The Path to Entrepreneurship in the Post-COVID Era: A How-To GuideToni VanDoren
Article By: Chelsea Lamb email@example.com
The COVID-19 pandemic didn’t just shake up global health systems; it also impacted economies worldwide. Many people took advantage of this economic evolution to start their own businesses. According to the Peterson Institute for International Economics, startups have boomed in the U.S. since the start of the pandemic. If you’ve always dreamed of becoming your own boss, seize this unique moment to make your move.
Guiding Rural Innovation & Development (GRID), supports innovators and entrepreneurs in Wisconsin’s Northwoods region, providing practical resources to guide their startup journeys. This article provides pointers on founding a business on the heels of a pandemic.
Decide on the right business model.
Your odds for entrepreneurial success will increase if you choose a business that aligns with your personal talents, interests, and resources. In the wake of COVID, online businesses capable of withstanding a pandemic may be a smart choice. Marie Forleo provides tips on how to narrow down the options when it comes to choosing a business model. Start by asking yourself how big of a business you want to manage and who you will serve.
Establish your business as a legal entity.
Establishing your business as a legal entity like a limited liability company or corporation offers a few advantages. It can help streamline your bookkeeping and tax filing, for example, and offer liability protection in case your business gets into hot water. Research from Columbia University reveals that the United States is the most litigious society in the world, so it can bring your great peace of mind to take a proactive approach against lawsuits.
Get the educational credentials or licenses you need.
Before you start your business, you may need to gain additional credentials or licenses. For example, if you want to start a graphic design firm, learning the latest photo editing techniques and tools can be beneficial. The good news is that it’s easier than ever to get an education. As the OECD Forum explains, online learning is on the rise, providing easier access to diverse educational resources.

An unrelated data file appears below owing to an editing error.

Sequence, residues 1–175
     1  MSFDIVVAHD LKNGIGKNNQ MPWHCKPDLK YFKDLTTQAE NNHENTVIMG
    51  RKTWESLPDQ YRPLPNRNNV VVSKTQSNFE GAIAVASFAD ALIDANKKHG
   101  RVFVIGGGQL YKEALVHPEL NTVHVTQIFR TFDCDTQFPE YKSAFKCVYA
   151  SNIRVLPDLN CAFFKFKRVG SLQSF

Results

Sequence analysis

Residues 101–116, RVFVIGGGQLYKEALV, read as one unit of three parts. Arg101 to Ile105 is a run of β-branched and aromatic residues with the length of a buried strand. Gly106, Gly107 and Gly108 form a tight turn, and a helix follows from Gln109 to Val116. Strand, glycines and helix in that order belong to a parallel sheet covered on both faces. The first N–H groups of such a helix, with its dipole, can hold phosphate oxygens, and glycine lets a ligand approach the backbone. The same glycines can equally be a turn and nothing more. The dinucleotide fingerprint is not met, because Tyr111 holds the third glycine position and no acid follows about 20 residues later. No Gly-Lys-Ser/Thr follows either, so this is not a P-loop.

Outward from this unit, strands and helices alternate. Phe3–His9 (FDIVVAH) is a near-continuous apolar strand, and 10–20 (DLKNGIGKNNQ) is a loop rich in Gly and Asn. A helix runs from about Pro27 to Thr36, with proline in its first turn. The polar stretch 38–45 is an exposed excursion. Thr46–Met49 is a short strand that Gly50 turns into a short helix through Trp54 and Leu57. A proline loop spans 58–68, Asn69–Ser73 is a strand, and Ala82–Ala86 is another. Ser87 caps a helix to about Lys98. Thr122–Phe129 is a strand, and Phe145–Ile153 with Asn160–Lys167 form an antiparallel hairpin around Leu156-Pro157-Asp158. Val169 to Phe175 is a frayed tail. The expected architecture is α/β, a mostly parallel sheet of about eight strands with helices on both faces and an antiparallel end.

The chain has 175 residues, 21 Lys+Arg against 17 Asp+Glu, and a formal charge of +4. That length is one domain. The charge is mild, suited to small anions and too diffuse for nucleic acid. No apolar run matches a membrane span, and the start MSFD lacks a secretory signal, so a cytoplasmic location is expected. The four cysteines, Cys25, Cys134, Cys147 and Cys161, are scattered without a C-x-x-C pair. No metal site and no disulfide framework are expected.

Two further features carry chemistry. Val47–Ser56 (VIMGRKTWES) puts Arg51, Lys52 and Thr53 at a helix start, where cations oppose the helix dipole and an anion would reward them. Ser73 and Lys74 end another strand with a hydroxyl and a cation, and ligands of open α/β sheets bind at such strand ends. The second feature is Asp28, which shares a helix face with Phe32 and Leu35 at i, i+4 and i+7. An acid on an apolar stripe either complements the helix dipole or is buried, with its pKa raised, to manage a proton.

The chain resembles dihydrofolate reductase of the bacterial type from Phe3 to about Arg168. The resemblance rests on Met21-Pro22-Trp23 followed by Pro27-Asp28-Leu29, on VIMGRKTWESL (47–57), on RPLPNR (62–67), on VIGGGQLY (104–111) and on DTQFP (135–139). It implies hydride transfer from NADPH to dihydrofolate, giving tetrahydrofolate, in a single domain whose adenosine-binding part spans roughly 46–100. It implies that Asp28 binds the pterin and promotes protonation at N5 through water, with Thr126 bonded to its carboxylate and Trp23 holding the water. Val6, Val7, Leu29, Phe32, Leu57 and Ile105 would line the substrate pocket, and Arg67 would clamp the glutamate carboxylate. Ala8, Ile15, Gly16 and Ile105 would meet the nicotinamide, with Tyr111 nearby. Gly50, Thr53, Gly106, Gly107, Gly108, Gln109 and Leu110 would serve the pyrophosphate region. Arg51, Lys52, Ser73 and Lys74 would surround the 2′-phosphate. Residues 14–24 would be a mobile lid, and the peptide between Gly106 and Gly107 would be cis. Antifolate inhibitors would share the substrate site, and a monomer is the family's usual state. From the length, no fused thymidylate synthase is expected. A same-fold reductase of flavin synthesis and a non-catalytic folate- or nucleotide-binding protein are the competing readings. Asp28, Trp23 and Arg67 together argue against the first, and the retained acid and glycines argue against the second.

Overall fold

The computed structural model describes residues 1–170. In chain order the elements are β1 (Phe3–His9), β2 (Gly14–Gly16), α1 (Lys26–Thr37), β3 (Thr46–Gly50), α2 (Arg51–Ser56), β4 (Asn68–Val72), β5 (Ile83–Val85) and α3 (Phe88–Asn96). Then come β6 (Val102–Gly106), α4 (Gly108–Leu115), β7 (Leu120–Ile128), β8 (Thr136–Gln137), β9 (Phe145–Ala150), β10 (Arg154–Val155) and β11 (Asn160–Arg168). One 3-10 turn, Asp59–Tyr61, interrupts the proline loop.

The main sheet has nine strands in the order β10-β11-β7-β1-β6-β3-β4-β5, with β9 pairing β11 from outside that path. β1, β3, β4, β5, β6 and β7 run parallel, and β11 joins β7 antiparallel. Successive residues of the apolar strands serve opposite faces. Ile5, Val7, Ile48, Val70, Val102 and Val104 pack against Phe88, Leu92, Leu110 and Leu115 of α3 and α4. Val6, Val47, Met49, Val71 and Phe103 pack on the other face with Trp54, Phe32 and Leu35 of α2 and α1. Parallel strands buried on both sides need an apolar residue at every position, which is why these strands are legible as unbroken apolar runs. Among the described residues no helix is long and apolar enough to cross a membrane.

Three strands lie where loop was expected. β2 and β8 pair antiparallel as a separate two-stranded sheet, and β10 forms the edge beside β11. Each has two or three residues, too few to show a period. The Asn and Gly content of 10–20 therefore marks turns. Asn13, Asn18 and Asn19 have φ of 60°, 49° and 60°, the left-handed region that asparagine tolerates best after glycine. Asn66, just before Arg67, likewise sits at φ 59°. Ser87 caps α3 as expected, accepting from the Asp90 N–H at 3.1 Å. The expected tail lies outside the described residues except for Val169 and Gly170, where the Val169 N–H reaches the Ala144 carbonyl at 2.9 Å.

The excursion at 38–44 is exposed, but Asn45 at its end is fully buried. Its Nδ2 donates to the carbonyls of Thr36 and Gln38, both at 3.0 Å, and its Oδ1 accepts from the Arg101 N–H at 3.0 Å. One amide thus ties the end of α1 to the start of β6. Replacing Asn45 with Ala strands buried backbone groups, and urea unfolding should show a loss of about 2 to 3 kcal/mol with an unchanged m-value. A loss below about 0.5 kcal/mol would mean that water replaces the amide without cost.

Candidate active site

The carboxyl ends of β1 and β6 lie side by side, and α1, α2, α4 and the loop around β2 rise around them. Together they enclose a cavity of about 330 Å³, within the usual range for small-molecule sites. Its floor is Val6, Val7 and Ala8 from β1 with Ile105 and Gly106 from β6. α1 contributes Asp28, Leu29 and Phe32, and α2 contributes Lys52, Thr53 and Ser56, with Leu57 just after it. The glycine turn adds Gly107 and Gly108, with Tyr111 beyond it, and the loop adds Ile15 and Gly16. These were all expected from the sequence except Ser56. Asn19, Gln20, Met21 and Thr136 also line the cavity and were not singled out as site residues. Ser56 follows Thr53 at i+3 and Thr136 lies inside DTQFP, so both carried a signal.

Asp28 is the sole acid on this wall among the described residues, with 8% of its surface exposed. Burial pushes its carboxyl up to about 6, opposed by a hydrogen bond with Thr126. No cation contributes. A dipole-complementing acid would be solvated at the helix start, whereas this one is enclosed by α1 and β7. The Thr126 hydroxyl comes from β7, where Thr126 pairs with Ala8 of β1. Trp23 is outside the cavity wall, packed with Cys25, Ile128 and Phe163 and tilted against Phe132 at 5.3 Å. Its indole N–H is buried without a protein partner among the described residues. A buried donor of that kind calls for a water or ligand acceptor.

Figure out your overhead costs and find funding.
Most businesses require startup capital to cover the cost of tools, property, and other essential resources. Make a list of all overhead costs, like commercial rent, computers, mobile phones, utilities, and business-specific tools. With this information, you can determine how much startup capital you need. Possible sources of funding include bank loans, angel investors, and grants. For example, the U.S. Department of Housing and Urban Development offers grants to people who start businesses in rural areas.
Hire the employees you need.
The right employees can help support your business’s success. Never hired anyone before? Don’t stress. Constellation provides a comprehensive guide to recruiting for small businesses. They recommend starting by assessing your hiring needs and then writing detailed job descriptions specifically crafted to attract appropriately qualified applicants. You should also conduct interviews as part of your hiring process.
Use technology to streamline business processes.
As your business grows, you’ll want to make sure you maintain well-organized, streamlined operations. For example, payroll is one time-consuming task for business owners. A modern payroll platform will be able to handle multiple tasks, from logging employee hours to handling same-day check deposits. Direct depositing payroll for employees spares you and your workers stress. Quickbooks is one option: It’s really just a matter of entering relevant employee information like hours worked and sick days taken and processing payroll before the 7 AM cutoff.
The COVID-19 pandemic has left many people reconsidering their values and lifestyles. If you’ve been inspired to start a business in the course of your own self-reflection, don’t let fear hold you back. Careful planning as outlined above will help support your success.
For more practical tips to promote successful entrepreneurship, head to The Grid. We provide business owners in the Northwoods region of Wisconsin with education, events, and other resources designed to help them thrive. Find out more.